BROOKLYN CENTER, Minn. – The former Minnesota police officer who fatally shot and killed Daunte Wright, a 20-year-old black man while in a traffic obstruction, was charged Wednesday with second degree manslaughter, a prosecutor said.
Washington District attorney Pete Orput accused Kim Potter, a 26-year-old Brooklyn Center Police Department veteran, in the Sunday shootings that caused racist tensions in this city, just a few miles from where George Floyd was located died in a police arrest last May.
“Certain professions carry immense responsibilities and nothing more than a sworn policeman,” said Imran Ali, deputy chief of crime in Washington County, in a statement. “We … want to prove that Officer Potter removed her public safety responsibility when she used her firearm in place of her taser. Your act caused the unlawful killing of Mr. Wright and she must be held accountable.” ‘
Agents of the Minnesota Bureau of Criminal Apprehension arrested Potter Wednesday morning, Jill Oliveira, a spokeswoman for the office, said in a statement. Potter, 48, was taken into custody at the criminal prosecution office in St. Paul before noon, Oliveira said. Online records for Hennepin County Jail showed she was being held without bail.
Potter resigned Tuesday as the demand for justice for Wright echoed across Minnesota.
Tim Gannon, the city’s former police chief who also resigned Tuesday, said Potter accidentally packed her firearm when she believed she was using her taser on Wright during Sunday’s traffic obstruction. Wright’s family have refused to allow the police to characterize their son’s death as an “accident” and have demanded that Potter be held accountable.
If found guilty, Potter faces up to 10 years in prison and a $ 20,000 fine under Minnesota law.
“While we appreciate the district attorney seeking justice for Daunte, no conviction of the Wright family can return loved ones,” said Ben Crump, a civil rights attorney who represents Wright’s family, in a statement with Jeff Storms and Antonio Romanucci.
“This was no accident. This was a deliberate, deliberate and unlawful use of force,” the statement said.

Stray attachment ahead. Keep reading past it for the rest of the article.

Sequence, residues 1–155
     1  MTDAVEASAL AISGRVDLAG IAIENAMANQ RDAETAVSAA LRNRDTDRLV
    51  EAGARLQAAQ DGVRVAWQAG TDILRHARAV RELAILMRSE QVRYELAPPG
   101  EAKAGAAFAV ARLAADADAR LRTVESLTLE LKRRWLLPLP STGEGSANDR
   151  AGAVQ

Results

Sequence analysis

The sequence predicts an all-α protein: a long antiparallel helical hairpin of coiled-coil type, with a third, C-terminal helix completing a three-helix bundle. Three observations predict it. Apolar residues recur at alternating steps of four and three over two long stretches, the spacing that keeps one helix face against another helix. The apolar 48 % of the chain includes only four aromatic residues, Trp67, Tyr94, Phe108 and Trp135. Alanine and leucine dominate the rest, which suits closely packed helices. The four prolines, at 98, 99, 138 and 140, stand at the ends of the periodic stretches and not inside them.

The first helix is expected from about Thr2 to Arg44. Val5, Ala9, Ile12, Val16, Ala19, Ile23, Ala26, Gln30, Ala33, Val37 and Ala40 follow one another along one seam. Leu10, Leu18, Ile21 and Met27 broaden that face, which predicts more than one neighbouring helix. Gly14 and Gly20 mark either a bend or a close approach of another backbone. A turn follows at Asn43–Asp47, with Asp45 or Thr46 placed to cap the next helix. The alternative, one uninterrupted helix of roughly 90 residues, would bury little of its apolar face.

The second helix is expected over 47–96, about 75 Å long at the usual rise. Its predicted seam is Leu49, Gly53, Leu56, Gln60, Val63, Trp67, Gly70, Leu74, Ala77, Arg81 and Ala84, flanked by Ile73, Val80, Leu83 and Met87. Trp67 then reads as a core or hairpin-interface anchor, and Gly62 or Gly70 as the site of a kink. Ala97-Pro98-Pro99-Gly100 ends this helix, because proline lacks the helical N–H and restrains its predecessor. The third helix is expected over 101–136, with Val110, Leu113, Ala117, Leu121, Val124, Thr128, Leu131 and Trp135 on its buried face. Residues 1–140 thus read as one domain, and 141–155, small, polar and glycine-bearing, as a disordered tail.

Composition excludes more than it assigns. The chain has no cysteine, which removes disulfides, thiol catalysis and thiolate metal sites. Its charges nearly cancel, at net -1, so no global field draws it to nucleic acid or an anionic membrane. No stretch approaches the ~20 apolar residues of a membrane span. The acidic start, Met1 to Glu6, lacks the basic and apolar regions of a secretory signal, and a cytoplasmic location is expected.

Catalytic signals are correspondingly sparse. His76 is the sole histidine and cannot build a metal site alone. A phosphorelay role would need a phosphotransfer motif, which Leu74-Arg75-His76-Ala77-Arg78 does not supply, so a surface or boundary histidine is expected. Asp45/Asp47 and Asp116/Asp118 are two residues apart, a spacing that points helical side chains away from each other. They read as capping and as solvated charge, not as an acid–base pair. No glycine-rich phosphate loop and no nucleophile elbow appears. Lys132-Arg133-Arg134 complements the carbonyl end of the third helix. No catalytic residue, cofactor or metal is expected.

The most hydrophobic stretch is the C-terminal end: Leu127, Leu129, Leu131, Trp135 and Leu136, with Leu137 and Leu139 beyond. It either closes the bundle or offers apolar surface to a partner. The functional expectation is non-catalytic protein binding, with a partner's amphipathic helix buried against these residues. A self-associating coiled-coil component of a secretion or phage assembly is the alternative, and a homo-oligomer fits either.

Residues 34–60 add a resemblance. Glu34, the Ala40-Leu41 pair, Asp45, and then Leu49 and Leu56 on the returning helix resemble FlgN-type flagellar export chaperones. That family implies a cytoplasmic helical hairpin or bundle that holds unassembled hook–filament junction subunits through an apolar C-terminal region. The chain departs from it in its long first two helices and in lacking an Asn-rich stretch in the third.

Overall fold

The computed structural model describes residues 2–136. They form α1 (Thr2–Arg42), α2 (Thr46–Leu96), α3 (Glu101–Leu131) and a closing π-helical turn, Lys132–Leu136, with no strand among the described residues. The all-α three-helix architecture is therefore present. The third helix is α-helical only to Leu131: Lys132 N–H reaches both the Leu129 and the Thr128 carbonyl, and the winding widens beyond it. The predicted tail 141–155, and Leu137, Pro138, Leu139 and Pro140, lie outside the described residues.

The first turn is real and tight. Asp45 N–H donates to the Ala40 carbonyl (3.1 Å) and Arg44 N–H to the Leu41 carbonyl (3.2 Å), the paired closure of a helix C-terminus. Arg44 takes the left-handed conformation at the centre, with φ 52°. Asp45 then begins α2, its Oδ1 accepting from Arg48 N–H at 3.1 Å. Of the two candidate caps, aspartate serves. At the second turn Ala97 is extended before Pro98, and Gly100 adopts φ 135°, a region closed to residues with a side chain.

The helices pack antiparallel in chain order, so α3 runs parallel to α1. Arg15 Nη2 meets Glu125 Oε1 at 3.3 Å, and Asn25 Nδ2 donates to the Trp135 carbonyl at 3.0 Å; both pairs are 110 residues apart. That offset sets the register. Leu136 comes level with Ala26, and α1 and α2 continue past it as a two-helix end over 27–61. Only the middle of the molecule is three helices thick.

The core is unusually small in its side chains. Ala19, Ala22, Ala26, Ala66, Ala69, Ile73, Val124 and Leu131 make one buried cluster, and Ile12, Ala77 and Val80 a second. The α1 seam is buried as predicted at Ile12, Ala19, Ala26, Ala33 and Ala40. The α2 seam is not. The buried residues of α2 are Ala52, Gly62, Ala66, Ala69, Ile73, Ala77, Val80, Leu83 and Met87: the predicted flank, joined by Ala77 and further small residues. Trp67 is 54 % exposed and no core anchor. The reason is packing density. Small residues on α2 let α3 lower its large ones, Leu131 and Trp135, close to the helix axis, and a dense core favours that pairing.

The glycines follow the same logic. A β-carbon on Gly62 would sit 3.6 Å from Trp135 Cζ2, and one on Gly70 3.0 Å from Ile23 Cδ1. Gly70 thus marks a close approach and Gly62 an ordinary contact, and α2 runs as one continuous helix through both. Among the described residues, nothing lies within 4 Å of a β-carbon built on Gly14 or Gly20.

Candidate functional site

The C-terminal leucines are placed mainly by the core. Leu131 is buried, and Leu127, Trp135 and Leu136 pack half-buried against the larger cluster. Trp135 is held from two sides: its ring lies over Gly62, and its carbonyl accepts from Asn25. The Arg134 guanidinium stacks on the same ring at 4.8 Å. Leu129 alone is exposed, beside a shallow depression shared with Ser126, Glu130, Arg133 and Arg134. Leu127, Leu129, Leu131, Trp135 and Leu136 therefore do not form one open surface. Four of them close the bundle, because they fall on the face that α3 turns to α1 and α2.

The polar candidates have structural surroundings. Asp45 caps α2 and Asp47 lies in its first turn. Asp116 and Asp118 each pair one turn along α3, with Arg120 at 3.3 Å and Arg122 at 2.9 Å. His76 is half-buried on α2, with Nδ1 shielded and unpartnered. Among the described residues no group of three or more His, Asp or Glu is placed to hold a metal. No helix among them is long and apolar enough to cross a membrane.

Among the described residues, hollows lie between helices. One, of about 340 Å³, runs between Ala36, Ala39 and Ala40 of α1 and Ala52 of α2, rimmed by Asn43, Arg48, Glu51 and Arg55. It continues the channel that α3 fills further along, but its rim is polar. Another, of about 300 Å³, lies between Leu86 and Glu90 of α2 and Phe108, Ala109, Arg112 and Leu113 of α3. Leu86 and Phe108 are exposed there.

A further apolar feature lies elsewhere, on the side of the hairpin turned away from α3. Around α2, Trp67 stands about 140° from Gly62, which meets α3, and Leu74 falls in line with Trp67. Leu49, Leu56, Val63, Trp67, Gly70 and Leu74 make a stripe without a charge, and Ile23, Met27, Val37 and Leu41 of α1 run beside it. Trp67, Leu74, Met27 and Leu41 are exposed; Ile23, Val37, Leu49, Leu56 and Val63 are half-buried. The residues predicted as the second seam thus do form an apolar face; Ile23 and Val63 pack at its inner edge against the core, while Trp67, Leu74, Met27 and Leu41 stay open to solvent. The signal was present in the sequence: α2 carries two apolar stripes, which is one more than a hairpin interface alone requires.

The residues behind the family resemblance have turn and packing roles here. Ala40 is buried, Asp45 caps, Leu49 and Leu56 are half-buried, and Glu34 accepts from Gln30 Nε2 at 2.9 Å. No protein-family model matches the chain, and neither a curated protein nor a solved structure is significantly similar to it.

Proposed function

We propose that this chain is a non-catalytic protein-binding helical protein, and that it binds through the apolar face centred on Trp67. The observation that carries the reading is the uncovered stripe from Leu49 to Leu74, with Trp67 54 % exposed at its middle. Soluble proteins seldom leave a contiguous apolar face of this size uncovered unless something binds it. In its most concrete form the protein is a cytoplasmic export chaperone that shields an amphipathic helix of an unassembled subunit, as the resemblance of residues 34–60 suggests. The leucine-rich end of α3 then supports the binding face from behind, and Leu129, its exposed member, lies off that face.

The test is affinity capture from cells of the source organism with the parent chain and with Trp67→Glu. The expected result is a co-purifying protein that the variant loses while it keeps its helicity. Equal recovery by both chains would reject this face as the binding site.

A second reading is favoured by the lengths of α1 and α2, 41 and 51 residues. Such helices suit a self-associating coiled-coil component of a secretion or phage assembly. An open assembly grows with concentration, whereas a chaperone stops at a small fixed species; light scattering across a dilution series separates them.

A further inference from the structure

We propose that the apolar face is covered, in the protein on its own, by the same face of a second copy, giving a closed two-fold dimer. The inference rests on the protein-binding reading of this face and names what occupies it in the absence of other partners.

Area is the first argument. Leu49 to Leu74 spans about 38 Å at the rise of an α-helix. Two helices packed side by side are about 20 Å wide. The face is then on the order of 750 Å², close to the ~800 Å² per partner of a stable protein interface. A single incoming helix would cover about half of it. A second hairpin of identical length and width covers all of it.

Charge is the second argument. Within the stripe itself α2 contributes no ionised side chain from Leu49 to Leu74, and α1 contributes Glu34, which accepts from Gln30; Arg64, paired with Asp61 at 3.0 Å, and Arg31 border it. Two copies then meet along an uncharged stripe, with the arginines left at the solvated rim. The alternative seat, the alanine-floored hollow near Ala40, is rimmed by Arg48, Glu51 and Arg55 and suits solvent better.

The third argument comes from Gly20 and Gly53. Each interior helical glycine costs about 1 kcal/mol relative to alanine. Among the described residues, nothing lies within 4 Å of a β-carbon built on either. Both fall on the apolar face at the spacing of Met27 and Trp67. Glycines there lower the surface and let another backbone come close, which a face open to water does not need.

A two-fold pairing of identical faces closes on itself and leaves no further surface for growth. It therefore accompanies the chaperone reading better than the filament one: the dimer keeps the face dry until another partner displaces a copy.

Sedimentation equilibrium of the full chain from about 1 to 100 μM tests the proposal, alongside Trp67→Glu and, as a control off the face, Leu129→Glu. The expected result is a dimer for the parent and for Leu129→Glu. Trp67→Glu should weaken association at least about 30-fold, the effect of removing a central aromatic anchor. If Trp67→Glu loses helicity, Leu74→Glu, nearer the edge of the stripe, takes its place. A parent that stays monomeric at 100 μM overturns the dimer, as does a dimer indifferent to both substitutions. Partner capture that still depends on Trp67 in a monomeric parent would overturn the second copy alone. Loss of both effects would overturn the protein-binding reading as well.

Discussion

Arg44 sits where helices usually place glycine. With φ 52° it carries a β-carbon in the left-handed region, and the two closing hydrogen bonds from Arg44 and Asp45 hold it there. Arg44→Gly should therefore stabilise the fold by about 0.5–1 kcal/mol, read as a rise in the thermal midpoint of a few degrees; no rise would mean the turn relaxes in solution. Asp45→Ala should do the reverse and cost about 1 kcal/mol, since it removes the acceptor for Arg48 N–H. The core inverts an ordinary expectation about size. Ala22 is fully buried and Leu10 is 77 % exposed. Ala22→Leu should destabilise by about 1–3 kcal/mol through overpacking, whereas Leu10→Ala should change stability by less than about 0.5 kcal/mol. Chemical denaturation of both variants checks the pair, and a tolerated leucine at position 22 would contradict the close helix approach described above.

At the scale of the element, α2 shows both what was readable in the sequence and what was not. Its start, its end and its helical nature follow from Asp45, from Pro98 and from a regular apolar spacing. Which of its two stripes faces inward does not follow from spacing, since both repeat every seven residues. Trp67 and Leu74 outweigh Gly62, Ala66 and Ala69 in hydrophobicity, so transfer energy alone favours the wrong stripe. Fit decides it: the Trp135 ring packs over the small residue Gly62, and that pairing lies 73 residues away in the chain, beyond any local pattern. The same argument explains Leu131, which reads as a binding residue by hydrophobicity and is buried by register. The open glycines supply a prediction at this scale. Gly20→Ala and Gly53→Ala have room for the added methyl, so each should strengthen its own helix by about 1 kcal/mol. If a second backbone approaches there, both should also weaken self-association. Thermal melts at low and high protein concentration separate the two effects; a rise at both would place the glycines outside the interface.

More: How a Taser can be mistaken for a weapon.
The Hennepin County coroner said Wright died of a gunshot wound to the chest and called his death a murder.
“A badge should never be a shield of accountability,” said NAACP President Derrick Johnson. “Daunte Wright was brutally killed by a police officer and justice must prevail.”
Hennepin County Public Prosecutor’s Office handed Orput an indictment decision earlier this week when the State Prosecution Bureau is investigating the case. Local prosecutors in the Minneapolis area agreed last year to refer cases of police using lethal force to prosecutors in other jurisdictions.
Brooklyn Center Mayor Mike Elliott said Tuesday the case should be handled by Attorney General Keith Ellison “to ensure transparency and continue to build trust in our community.”
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Potter is represented by Earl Gray, an attorney who also represents Thomas Lane, a former Minneapolis police officer charged with aiding and abetting second degree murder in Floyd’s death.
Wright’s death sparked protests in Minneapolis, an area that was already on the sidelines when the trial of former police officer Derek Chauvin for Floyd’s murder was third week of witnesses. The Brooklyn Center is about 10 miles north of Minneapolis.
Floyd’s family joined Wright’s family at a press conference organized by Crump on Tuesday, at which both families called for greater accountability to police officers.
“I never thought this would happen,” Wright’s mother Katie Wright said Tuesday as she recounted the final moments of her son’s life during a traffic obstruction.